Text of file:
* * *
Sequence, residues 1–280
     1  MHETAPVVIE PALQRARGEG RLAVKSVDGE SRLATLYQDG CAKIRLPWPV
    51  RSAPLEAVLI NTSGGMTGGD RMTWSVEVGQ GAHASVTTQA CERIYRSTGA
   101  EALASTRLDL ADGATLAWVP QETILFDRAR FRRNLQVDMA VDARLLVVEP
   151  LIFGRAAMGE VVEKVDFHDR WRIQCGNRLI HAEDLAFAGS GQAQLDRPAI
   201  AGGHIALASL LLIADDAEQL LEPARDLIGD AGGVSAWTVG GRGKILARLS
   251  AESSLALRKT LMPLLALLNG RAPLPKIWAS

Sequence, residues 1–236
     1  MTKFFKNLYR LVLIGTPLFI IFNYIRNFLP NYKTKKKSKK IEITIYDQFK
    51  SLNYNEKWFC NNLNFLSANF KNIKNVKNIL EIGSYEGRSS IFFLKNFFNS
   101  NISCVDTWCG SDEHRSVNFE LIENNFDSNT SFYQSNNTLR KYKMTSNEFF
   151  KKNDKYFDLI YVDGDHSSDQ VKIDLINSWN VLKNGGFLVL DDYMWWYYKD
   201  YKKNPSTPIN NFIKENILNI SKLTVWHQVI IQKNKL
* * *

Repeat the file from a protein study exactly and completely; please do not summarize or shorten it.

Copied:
Sequence, residues 1–280
     1  MHETAPVVIE PALQRARGEG RLAVKSVDGE SRLATLYQDG CAKIRLPWPV
    51  RSAPLEAVLI NTSGGMTGGD RMTWSVEVGQ GAHASVTTQA CERIYRSTGA
   101  EALASTRLDL ADGATLAWVP QETILFDRAR FRRNLQVDMA VDARLLVVEP
   151  LIFGRAAMGE VVEKVDFHDR WRIQCGNRLI HAEDLAFAGS GQAQLDRPAI
   201  AGGHIALASL LLIADDAEQL LEPARDLIGD AGGVSAWTVG GRGKILARLS
   251  AESSLALRKT LMPLLALLNG RAPLPKIWAS

Sequence, residues 1–236
     1  MTKFFKNLYR LVLIGTPLFI IFNYIRNFLP NYKTKKKSKK IEITIYDQFK
    51  SLNYNEKWFC NNLNFLSANF KNIKNVKNIL EIGSYEGRSS IFFLKNFFNS
   101  NISCVDTWCG SDEHRSVNFE LIENNFDSNT SFYQSNNTLR KYKMTSNEFF
   151  KKNDKYFDLI YVDGDHSSDQ VKIDLINSWN VLKNGGFLVL DDYMWWYYKD
   201  YKKNPSTPIN NFIKENILNI SKLTVWHQVI IQKNKL